EL PASO — In one photograph an old baby doll lays crippled on the harsh gray street, one eye-socket empty, one leg missing. In another photo a shoeshine man works fevershly on a cowboy’s boots.
The reality of border life seen through the lenses of 12 El Paso area photographers is on exhibit at Fotos Septiembre: Through the Eyes of Borderland Photographers (originally titled Foto Septiembre – Visual Stills Along La Frontera) through October 23 at the La Fe Culture and Technology Center’s Galería Aztlan.
All the works show and represent Chicano heritage. This is the exhibition’s second year showcasing professional and amateur photographers.
The idea for the show germinated three years ago when exhibit curator Federico Villalba was invited to participate in a show that needed new artists. He recommended long-time photographers, Arturo Enríquez and Vallarie Enríquez. The show went so well, he said, that the following year he was asked to curate another exhibit.
“I asked Arturo and Vallarie if they wanted to be participants and co-curate the exhibition together. We sometimes do things like artistic conspiracies. They were game, so it became our first year. We love photography and there are not a lot of opportunities to show our work or a lot of gallery spaces out there, so any time we have an opportunity we jump to it,” Villalba said.
Stela Reyes Lopez has worked for the past 15 years as the Media and Public information officer for Centro de Salud Familiar La Fe. She has also been friends with Villalba and both Enríquez professionally. She remembers when they approached Centro La Fe at Segundo Barrio with this idea to put a show that celebrates “La Frontera.”
“They got together with Centro La Fe and asked if they could showcase at our Galería Aztlan and we thought what a great way to every year, as long as we can do this, to start off our Chicano Heritage Month,”said Reyes Lopez.
“Foto Septiembre – Visual Stills Along La Frontera,” features photographs by Jennifer Lucero, Edward Nathaniel Reyes, Charles Horak, Alex Briceño, Jud Burgess, Mike Darr, Augusto Hernández, Lorraine Kuehnel and Daniel Riós Lopera as well as curators Federico Villalba, Arturo Enríquez and Vallarie Enríquez.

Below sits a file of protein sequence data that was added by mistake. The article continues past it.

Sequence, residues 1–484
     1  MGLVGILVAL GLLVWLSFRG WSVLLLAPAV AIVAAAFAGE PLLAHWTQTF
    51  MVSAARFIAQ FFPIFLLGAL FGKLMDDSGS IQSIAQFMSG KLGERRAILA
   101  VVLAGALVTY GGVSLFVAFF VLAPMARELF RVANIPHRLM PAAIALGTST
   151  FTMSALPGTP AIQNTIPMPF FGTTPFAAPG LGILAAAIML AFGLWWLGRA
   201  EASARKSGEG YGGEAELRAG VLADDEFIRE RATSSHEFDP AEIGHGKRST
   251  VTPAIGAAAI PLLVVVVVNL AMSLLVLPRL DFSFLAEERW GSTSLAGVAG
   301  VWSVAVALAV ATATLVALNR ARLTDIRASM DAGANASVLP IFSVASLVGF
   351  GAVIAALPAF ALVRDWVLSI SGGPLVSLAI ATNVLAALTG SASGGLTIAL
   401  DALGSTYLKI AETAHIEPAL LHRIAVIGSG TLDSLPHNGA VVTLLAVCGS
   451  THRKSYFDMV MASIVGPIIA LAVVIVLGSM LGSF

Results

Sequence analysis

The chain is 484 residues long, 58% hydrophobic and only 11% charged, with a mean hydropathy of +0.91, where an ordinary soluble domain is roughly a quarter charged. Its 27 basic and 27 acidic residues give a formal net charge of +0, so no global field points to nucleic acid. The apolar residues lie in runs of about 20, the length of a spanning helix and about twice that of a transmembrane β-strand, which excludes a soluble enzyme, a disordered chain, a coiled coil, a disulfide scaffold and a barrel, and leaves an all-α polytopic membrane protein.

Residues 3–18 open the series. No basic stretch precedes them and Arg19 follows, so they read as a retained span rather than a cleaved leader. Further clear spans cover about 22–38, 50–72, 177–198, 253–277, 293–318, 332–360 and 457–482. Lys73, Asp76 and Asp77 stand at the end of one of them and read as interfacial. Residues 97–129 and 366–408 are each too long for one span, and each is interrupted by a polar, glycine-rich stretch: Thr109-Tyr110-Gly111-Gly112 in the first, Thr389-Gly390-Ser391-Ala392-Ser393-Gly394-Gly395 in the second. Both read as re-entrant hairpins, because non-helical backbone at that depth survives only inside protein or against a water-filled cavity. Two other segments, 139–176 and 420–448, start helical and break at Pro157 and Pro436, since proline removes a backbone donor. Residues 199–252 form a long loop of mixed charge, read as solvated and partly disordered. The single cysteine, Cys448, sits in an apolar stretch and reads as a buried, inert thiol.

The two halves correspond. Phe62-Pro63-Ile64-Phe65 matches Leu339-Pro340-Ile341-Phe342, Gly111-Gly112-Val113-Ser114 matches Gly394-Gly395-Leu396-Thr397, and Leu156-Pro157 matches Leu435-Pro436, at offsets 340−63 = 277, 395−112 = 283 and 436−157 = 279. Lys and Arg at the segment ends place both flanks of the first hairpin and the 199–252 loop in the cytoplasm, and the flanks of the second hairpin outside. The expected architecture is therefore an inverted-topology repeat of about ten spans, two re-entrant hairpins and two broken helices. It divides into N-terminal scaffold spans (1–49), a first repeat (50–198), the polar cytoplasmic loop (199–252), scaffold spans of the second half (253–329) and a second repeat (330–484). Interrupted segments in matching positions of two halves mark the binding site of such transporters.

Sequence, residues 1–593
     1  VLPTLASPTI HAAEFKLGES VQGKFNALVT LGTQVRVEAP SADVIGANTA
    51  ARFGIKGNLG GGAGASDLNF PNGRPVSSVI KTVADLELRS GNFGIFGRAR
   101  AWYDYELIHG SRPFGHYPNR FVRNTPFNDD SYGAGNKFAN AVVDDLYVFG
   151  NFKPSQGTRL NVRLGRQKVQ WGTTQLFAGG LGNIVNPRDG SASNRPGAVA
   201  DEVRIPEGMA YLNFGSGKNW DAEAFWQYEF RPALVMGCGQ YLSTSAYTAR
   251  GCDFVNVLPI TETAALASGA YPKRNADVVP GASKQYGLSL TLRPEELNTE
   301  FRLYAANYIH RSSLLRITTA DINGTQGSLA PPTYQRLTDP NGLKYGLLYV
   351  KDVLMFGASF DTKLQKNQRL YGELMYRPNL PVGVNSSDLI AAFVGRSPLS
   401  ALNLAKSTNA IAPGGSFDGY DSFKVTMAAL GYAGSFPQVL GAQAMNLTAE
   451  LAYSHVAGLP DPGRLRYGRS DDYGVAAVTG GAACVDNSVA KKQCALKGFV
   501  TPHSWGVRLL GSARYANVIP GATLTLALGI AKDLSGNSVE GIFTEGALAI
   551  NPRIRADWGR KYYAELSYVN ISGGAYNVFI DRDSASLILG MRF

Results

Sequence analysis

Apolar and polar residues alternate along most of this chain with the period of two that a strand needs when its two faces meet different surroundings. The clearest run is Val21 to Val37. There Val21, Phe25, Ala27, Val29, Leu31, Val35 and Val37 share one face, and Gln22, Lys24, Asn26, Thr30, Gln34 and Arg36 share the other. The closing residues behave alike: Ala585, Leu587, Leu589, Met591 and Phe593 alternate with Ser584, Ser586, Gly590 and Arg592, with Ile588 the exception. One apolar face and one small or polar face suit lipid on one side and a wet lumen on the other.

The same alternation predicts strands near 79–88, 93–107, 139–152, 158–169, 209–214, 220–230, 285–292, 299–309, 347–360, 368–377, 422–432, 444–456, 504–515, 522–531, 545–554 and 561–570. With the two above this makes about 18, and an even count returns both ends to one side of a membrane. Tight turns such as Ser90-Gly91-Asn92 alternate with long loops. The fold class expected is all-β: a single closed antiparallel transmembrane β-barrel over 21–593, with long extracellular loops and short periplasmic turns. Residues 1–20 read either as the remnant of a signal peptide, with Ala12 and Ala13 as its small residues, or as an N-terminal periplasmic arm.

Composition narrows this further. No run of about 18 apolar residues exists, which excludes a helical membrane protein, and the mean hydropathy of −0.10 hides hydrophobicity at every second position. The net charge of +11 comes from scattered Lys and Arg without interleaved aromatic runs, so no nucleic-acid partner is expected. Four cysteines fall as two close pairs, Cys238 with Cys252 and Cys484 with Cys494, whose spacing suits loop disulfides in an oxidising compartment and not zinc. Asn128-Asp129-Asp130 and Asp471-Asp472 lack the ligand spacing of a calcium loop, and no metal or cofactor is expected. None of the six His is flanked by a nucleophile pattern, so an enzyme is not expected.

Reyes Lopez explains that by doing this show and having it at Segundo Barrio it celebrates who and what their community is about, their colors, their vibes, their landscape, their people, their sight and their visual stills. “Is important to know nuestra historia, nuestra raza, saber de donde venimos, las raices.”
Riós, Reyes and Hernández are among the new photographers. According to Villalba, he wanted persons in the up-and-coming group to give them an opportunity to break out.
“I try to see who is doing something on Facebook and Instagram, who is out there, who is hungry as far as art goes. A lot of photographers do it for business but there are not as many photographers that do it on the art side,” Villalba said.
Jud Burgess is a graphic designer who does photography on the side. Charles Horak is an architect by profession but he is an aspiring photographer of natural dessert landscapes. “Alex Briseño, who does street photography here in El Paso, has a very distinction look; very saturated,” said Arturo Enriquez.
During opening night on September 3, photographers, friends and members of the community showed up to support the show. Dolores Hamilton, a teacher originally from Chihuahua, attended to support her neighbor and friend, Hoak, describing him as an adventurous lover of photography. “The perfect angle to me is like almost being pulled into the photo and I go into what the story behind it is, that corner, at least to me. They really capture what it is to live here in this community and in this city,” Hamilton said.
Briseño, one of the invited photographers, has been doing photography for the last 11 years. Originally from Juarez. he describes photography as a serious hobby that he started after taking a class and then falling in love with it.
“Street photography is what I do, I have four pictures on the exhibition and all of them are street style. I do landscape as well but my strongest type is street, I like to capture the vibe of the streets,” Briseño said.
Briseño said that this show expresses what it is like to live on the border because it is an experience that is different from others in the country.
Segundo Barrio is one of the oldest neighborhoods here and it is basically where many immigrants get their start, Villalba said. Although Vallarie Enriquez is not of Mexican heritage, her exposure to the Chicano community comes through her husband Arturo Enriquez . For her to be Chicano means to be in very close families and very warm. Arturo Enriquez in the other hand is from Segundo Barrio so he is able to see it in a complete different way.
“One of the reason we agreed to do this at La Fe is because during the day it is a school. Kids go in and out and they are exposed to all this art and visuals so their imagination just flourishes and goes nuts,” Arturo Enriquez said.
*The photos will be on exhibit from 9 a.m. to 6 p.m., Monday through Friday until Oct. 23, 2015, at the La Fe Culture and Technology Center’s Galería Aztlan. Located in Segundo Barrio at 721 S. Ochoa (Rear Bulding), El Paso, TX 79901. Admission is free.